The nineteenth post in The Education of a Writer (TEW) series.
I’m a selfish turd prone to episodes of self-loathing where all I want to do is write bad poetry.
It’s not that I hate hard work. I like hard work…especially when I’m working hard to please myself.
Unfortunately, this won’t get me anywhere fast. It won’t get any writer anywhere fast, including you. But there was a time when I didn’t want to get anywhere fast. I just wanted to be left alone.
Guess What I Want to Do When I Grow Up?
I was in my early twenties, shaved head, half-naked most of the time [I’ll explain in a second why], tan and very fond of a white pair of cheap, thick-framed sunglasses.
When I say half-naked I mean I wore shorts and shoes. Climbing shoes. The tight, narrow, pixie-like get-ups all climbers where.
See, I was a professional rock climber.
“Professional” is a bit of an exaggeration. In fact, my wife laughs every time I say it. But here’s the logic: I worked at a rock climbing gym in south St. Louis, a gym I eventually managed. I practically lived there. And get this: they paid me, making me a “professional.”
You can stop laughing now.
I was good at what I did–taking care of the shop–and I managed to hold my own as a climber. I was a bit competitive about the sport. I had dreams of making it big. But I also had dreams of living on the side of a mountain by myself.
Yeah, you guessed it, I wanted to be a monk.
Sifting Through Some Heavy Stuff
I no longer have the book or even remember the name but back then I owned a copy of a biography or memoir of some monk in some remote region who lived in small quarters on the top of a cliff.
I was smitten.
I lugged that book around like it were the Bible. That’s significant, because at the time I was going through some pretty serious questions about life, like meaning, origin and who the hell I was.
The book was dog-eared. Coffee-stained. And it was often lying around the climbing gym. No surprise, but I was trying to draw attention to myself.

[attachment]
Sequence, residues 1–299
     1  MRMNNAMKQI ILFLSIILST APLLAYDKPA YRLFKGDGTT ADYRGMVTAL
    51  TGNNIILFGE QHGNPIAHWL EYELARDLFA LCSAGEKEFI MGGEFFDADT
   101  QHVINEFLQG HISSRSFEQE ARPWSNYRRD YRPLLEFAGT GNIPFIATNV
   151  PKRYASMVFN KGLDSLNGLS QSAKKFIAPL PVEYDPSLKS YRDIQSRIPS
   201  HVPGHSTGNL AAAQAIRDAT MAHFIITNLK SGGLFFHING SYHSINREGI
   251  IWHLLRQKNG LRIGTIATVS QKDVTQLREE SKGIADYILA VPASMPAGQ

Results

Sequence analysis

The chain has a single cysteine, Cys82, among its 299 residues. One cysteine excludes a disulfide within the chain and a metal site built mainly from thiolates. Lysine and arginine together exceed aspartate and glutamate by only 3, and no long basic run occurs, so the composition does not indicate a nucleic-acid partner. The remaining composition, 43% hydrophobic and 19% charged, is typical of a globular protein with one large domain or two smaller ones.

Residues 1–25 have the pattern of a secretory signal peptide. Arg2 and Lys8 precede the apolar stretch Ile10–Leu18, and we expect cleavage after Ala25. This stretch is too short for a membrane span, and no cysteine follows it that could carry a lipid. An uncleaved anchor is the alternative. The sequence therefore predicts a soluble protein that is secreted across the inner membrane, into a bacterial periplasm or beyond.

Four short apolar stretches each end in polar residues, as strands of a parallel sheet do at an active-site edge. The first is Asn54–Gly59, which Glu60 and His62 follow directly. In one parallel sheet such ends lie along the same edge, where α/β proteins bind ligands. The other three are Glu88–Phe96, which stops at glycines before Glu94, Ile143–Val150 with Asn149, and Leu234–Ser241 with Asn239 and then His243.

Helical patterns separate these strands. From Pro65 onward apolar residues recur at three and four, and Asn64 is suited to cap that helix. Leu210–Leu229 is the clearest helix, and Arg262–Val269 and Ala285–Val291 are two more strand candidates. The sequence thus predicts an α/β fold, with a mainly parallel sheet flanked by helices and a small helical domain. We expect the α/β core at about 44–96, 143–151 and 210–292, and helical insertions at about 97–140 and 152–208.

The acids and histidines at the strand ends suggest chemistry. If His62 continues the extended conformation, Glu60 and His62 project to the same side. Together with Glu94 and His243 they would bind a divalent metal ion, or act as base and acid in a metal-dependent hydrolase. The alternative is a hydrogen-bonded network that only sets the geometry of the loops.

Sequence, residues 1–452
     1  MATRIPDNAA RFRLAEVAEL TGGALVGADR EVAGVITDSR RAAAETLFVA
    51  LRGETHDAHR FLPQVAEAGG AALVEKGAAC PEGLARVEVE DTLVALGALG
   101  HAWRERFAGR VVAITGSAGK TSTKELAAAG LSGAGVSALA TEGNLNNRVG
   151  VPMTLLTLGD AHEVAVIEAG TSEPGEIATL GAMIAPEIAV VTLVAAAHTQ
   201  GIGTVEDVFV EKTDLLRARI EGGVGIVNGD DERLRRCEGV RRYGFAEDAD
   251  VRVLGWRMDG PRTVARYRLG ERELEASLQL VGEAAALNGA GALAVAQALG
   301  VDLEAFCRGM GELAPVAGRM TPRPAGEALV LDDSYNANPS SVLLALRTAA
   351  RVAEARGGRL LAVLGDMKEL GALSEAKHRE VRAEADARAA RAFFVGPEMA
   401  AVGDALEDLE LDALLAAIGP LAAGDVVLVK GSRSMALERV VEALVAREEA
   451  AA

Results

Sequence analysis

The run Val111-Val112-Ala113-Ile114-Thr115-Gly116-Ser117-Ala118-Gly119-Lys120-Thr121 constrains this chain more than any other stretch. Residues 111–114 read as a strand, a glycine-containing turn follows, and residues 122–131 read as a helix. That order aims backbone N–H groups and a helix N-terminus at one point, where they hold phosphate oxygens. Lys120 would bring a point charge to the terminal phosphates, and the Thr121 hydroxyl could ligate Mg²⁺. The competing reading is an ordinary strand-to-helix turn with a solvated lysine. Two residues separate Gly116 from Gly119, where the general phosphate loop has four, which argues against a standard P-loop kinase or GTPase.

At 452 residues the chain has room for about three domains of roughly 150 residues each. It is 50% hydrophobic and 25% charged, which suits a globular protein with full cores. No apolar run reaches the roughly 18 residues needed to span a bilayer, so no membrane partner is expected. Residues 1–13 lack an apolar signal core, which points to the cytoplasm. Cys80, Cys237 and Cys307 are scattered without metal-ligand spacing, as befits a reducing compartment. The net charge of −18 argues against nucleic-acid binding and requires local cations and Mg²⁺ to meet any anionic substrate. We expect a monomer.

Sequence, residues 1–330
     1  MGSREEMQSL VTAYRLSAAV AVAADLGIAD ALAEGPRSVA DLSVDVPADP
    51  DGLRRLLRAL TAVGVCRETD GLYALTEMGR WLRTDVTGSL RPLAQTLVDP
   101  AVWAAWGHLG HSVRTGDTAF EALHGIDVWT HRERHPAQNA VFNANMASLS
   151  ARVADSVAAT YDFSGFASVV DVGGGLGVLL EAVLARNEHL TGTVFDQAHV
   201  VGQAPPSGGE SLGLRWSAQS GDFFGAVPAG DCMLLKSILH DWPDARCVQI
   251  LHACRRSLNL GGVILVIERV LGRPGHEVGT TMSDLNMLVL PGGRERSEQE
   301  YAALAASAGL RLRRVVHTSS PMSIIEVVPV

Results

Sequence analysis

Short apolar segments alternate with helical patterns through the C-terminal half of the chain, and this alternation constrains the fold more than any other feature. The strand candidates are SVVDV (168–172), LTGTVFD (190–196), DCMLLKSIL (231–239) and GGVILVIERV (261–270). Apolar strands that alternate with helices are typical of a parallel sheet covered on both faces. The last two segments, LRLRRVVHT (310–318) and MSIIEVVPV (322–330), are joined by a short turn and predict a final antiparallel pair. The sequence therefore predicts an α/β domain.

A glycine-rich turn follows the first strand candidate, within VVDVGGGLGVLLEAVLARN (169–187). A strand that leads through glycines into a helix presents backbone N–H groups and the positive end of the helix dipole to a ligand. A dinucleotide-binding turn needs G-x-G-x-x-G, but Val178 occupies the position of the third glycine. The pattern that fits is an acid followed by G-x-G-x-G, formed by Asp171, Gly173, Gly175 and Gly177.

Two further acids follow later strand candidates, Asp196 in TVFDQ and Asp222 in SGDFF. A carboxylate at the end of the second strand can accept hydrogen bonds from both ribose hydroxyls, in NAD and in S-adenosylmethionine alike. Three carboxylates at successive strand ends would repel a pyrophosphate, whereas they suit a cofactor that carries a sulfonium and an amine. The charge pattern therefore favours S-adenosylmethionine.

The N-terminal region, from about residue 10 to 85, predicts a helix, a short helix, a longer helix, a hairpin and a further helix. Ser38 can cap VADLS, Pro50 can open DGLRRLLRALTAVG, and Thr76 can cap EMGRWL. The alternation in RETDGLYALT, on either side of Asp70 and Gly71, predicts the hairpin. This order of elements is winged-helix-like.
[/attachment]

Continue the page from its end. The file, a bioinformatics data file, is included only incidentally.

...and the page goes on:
If you think about it, that’s rather funny. Monks, hermits…rock climbing gym managers…kind of lived on the edge of obscurity. On purpose. They want the solitude. They want the peace.
And here I was announcing to the people in my small world that I wanted to be a monk. I wanted to be obscure. And I wanted everyone to know.
I had issues.
It’s not so messy when you are alone in your issue-dealing stage. Add another person, however, and it can get messy. Like a girlfriend.
Enter bonehead. [What else would you expect? A monk in training with a girlfriend? There is bound to be trouble.]
My tendency when dating this poor girl was to promise that I would come over after work–and then not show. When I did show, I’d eat all of her food and leave abruptly after we sat on the couch talking awhile. [She talked, I sulked.]
I was totally conflicted. I mean, the monkshood was calling me. I can’t get deep in a relationship with this girl. That’ll ruin my plans to live on the side of a mountain by myself, writing bad poetry.
It’s amazing what she put up with.
One time we went camping in Wyoming and all I did during the day was stay in my tent and read The Brothers Karamazov. I refused to speak to her. Yes, you may reach through the screen and slap me.
By God’s grace she stayed with me and even stood by me when I lost my step-father in a rock climbing accident. In fact, it was after that accident that I vowed to get my act together and treat her right.
That meant that I gave up on the monk thing.
But it’s still there. That urge, that love for self that says, “Just blow it all off, man. Forget work. Write, man. Write that really horrible crap all day. Heck, for the next week. Who cares? It’s your life. Live it.”
But I can’t.
I’m a professional AND I work for myself. People are depending upon me. Clients. Friends. And most, importantly, family.
Thought I Forgot about the Advice Thing, Didn’t You?
One of the secrets the cubicle bound can’t tell you is that you can work to your natural rhythms when you work for yourself. But here’s a word of caution: you can’t be a slave to them, especially those rhythms that are unhealthy, like when I wake up in a funk three days in a row…
That’s feeling sorry for myself on an epic scale. And you got to fight that thing.
It’s that discipline, that relentless practice, that’ll help you become a better writer. No short cuts. No days off. And no reading The Brothers Karamazov in a tent when your future wife really needs to talk…otherwise I’m going to reach through the screen and smack your face.
Next article in the series: “A Quick and Dirty Guide to Killing Your Life-Long Dream”